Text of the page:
art

Vincent Chong mini-Q&A

Fresh from his recent World Fantasy Award win and just in time for Christmas, Vincent Chong – one of my favourite artists – has announced he’s releasing limited-edition prints of some of his work, including the art he did for editions of The Shining and Dr Sleep.

Vincent Chong illustration for “The Shining” limited edition

Even if those don’t take your fancy, his art is gorgeous (I have a ridiculous amount of it around the house, including a print of his “Fallen Angel” – natch – in my kitchen) and he has a huge portfolio of work available as standard prints too.

And because he’s not just a fabulous artist but a lovely guy, he’s also popped by the blog to answer a few questions. Like he had a choice…

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Q: Who are your favourite artists (or what are your favourite works of art)?

A: At the moment one of my favourite artists is Shaun Tan. His illustrated story books are simply beautiful and I love all the imagination and touches of surrealism that go into each one.

Q: Who or what do you think has inspired you the most?

A: Dave McKean‘s work has probably been the single biggest inspiration to me; it was seeing his covers for the Sandman comics (in the The Sandman Dust Covers collection) that first opened my eyes to the possibilities of combining digital techniques with traditional ones and what you could achieve by blending the two. It played a big part in shaping the style I developed and the techniques I’ve ended up using for my own work since.

Q: Is digital art more democratic than, for instance, a watercolour?

A: I’ve always liked the idea of anyone being able to own a copy of the artwork that isn’t seen as ‘less-than’ the original in some way, rather than there being one original that only a few could enjoy.

 Q: If you could illustrate any book, what would it be?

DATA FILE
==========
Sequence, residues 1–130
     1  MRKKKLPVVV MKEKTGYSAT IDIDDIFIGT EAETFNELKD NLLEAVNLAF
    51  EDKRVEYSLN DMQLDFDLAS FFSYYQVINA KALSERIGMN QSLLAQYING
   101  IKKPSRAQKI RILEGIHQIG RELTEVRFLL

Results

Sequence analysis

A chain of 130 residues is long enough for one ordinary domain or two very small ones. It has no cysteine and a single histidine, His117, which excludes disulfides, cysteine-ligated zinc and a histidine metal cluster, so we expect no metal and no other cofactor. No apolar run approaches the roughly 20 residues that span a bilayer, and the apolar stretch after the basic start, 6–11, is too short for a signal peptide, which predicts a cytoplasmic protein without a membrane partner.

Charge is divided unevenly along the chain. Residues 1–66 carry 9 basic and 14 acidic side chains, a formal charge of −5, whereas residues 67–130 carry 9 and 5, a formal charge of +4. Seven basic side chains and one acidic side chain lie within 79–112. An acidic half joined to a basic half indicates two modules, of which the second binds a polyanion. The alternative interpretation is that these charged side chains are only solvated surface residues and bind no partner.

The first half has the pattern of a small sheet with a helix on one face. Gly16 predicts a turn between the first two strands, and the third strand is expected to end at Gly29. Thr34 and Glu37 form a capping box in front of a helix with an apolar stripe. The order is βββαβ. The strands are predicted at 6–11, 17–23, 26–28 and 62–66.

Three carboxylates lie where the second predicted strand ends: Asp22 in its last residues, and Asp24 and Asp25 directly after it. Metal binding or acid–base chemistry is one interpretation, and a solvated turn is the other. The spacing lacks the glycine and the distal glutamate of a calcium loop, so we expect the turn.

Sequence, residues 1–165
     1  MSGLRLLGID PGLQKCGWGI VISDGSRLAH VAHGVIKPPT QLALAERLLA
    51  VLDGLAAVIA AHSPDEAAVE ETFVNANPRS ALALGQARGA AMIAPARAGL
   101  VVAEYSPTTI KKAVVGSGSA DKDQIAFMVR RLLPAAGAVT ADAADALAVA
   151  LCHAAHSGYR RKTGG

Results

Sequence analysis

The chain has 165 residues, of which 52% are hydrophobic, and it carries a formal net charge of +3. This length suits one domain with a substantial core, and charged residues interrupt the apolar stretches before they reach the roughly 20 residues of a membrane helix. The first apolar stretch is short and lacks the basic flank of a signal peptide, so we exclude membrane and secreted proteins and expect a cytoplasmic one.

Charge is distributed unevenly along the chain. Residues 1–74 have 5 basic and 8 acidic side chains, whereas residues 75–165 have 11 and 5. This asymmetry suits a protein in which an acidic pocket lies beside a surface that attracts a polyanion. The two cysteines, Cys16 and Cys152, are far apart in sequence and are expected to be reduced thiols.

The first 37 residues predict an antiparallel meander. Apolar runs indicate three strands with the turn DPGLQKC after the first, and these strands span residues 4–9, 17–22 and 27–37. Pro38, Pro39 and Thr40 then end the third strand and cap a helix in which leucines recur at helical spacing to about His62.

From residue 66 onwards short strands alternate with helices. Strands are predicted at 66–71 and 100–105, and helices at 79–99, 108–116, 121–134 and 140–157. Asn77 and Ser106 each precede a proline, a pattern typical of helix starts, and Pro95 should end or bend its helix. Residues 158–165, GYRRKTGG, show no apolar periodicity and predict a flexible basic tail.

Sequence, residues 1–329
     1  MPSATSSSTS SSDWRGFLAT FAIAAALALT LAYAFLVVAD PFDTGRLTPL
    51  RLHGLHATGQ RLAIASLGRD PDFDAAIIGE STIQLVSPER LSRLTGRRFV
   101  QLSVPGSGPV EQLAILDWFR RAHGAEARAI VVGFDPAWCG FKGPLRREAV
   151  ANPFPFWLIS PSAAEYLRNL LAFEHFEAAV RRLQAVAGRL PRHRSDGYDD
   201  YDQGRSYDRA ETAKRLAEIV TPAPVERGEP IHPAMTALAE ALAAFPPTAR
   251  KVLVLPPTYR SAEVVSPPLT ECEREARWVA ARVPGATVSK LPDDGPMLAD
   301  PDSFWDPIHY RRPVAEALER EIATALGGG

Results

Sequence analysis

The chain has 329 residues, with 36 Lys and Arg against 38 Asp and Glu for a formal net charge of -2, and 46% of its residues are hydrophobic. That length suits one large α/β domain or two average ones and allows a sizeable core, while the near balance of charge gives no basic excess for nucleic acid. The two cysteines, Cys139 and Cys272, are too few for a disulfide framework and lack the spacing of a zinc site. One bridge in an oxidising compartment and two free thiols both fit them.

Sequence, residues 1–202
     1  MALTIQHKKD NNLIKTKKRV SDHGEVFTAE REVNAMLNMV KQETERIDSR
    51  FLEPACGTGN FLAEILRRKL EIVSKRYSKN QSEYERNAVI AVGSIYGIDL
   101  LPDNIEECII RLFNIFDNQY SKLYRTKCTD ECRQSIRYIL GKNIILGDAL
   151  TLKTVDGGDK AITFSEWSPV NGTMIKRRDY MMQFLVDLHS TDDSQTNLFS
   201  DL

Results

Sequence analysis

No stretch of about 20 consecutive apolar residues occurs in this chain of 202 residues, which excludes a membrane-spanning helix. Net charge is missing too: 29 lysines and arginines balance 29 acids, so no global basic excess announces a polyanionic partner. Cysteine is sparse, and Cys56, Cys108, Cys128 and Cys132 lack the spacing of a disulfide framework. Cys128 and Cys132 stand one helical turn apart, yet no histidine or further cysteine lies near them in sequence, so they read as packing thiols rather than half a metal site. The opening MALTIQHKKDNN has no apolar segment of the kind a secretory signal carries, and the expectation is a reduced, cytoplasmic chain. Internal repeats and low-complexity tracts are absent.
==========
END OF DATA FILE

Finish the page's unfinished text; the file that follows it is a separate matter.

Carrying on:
A: Nothing in particular springs to mind right now… I used to think I’d quite like to do my own reinterpretation of classic children’s books such as The Wonderful Wizard of Oz. But having illustrated so many authors’ books over the years, I guess what I’d really like to do is come up with my own story to illustrate.

Q: What interests you as an artist? Do you find yourself coming back to the same kind of themes or ideas?

A: I like creating imagery that has various layers to it, and perhaps could be interpreted in different ways, or contain small details that people pick up on repeated viewings. I also love interesting textures so I continue to incorporate a lot of them into my work. Overall, I think my approach is more about building atmosphere and emotion in my art rather than producing images that are overly polished.

Q: What’s the last book you read, and the last film you saw?

A: The Death of Bunny Munro by Nick Cave and Thor: The Dark World.

 Q: What are the best and worst things about your job?

A: Some of the best things…being able to get up whenever I want! And also not having to work alongside people I don’t like or becoming embroiled in inevitable office politics. And some of the worst things…getting a bit stir crazy working on my own at home and not having anyone around to have a natter with when I want!

Q: Finally… tell us a secret?

A: My biggest secret is that % &@?’£ ^&$**@ $*%^!!!

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Vincent Chong is an award-winning freelance illustrator and designer.  Since 2004 he has brought his creative vision and distinctive visual style to a wide range of projects for both print and the web.  Currently living and working in the UK, his art and design has been published internationally and can be seen on book covers, magazines, CD packaging, websites, flash games and book trailers.  He has worked for clients around the world including HarperCollins and Little, Brown and has illustrated the works of  authors such as Ray Bradbury and Stephen King.

You can follow his blog here.

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All Un-Quiet on the Western Front

The last time I was heard from, I was about to venture up to EdgeLit 2 in Derby, wasn’t I? Did you think you’d lost me? No such luck…